This Popular Airline Just Made Major Changes To Their Boarding Process

If you've ever approached an airplane row and had to decide whether to give the seated passengers your back or your front as you squeeze on towards the window seat, good news: you'll have to face that awkward moment less often. As of October 26, 2023, United Airlines has rolled out a new boarding procedure on domestic flights and some international flights. It's called WILMA, which stands for windows, middle, and aisle.

After priority passengers have boarded the plane, the economy passengers will be divided into three groups. Group 3 is reserved for window seats and exit row passengers, Group 4 is for middle seats, and Group 5 is for the aisle seats. The newly-formed Group 6 is for all basic economy fliers with no carry-on items.

The Chicago-based carrier floated WILMA in the past but stopped the protocol in 2017 in favor of the back-to-front method used by other popular airlines. But since the pandemic, boarding times have increased by two minutes, says United in an internal memo, necessitating a new (old) solution. After testing the method at four domestic airports, United concluded that WILMA could shave two minutes off the clock. While that may not sound like a lot, one plane departing a few minutes late is enough to cause problems on the tarmac, creating a cascade of delayed flights and missed connections behind them. And, as they say, time is money.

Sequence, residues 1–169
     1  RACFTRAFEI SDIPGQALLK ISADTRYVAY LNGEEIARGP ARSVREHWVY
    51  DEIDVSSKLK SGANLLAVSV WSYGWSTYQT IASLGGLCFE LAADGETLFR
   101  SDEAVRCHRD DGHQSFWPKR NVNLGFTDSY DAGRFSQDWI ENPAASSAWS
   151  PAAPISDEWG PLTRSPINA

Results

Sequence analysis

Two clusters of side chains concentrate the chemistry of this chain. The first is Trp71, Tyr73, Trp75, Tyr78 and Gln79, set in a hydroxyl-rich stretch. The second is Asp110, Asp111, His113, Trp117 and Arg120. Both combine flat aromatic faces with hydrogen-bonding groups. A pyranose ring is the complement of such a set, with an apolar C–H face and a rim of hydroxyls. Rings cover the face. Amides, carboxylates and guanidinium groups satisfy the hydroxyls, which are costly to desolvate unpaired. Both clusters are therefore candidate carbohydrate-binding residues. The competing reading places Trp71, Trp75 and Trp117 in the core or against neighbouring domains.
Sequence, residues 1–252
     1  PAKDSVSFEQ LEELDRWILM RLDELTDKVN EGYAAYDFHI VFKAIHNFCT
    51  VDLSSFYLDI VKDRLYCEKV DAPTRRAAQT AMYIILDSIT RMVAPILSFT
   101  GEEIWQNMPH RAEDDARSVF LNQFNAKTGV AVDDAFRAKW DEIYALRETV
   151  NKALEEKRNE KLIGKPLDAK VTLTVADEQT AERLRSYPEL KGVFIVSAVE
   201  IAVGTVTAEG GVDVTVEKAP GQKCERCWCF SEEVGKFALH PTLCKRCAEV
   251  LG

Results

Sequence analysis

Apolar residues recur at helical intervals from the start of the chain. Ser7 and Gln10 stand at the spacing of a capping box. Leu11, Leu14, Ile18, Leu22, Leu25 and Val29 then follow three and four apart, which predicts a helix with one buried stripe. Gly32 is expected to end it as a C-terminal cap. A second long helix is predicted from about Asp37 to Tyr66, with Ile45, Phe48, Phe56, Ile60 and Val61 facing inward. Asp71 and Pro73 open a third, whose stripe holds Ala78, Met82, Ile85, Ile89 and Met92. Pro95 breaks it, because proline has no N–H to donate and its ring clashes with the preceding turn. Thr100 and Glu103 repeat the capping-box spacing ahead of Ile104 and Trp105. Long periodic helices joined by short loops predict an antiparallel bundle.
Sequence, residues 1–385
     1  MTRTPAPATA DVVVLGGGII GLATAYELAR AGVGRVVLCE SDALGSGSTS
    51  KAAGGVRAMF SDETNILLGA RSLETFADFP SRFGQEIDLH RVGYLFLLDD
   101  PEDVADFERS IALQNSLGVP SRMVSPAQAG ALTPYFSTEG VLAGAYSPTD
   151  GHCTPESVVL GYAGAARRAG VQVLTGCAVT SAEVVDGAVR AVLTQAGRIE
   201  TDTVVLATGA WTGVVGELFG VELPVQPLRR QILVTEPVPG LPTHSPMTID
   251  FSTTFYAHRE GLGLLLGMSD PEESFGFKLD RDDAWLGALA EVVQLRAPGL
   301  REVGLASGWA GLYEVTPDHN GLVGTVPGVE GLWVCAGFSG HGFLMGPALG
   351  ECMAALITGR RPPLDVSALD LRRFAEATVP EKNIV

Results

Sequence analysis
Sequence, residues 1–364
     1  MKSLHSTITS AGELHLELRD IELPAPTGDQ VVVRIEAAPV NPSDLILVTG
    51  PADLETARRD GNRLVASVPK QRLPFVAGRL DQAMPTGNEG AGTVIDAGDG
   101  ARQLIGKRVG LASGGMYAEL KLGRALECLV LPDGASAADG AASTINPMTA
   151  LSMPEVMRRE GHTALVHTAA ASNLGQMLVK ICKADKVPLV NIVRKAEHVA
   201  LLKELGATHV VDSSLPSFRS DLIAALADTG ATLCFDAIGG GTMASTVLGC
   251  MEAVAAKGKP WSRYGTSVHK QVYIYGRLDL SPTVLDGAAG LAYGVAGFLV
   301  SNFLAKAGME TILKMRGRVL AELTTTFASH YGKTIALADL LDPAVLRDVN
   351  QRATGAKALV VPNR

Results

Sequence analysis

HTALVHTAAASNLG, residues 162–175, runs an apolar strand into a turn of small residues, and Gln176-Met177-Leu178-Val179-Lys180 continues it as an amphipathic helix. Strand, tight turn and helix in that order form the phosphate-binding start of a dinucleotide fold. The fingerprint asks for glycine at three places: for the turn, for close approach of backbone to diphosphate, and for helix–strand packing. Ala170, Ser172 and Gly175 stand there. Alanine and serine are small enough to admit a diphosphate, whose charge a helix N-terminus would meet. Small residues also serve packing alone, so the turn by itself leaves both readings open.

Exceptions to WILMA and other updates

United has noted that the WILMA method will only impact economy travelers, so preboarding and premium passengers will see no change during the boarding process. This goes for travelers with disabilities, minors traveling alone, active military, families with toddlers, frequent fliers, first-class and business-class passengers, and certain credit card holders. For example, if you're an economy flier with an airline credit card like the United Explorer Card, you can still use priority boarding and find your seat when Group 2 is called to the gate. Beyond that, everyone else will use WILMA. 

Folks on the same airline reservation can board together, but you'll need to go with the highest group number. In other words, if you have a window seat in Group 3 and your spouse has a middle seat in Group 4, you can board with Group 4. If your ticket doesn't display a boarding group, you'll board with Group 6 at the end.

Like many aviation stories, the WILMA news has divided social media. While some believe the method is intuitive, others are concerned that window loyalists will be the only passengers to score overhead storage space. Only time will tell, but at least there will be fewer of those tricky seat shuffles — suck in, move your leg, shift sideways, apologize, and stand up — during boarding. Not to mention, there's a better chance the plane will leave on time. With the busy holiday season coming up, that's a win for us all.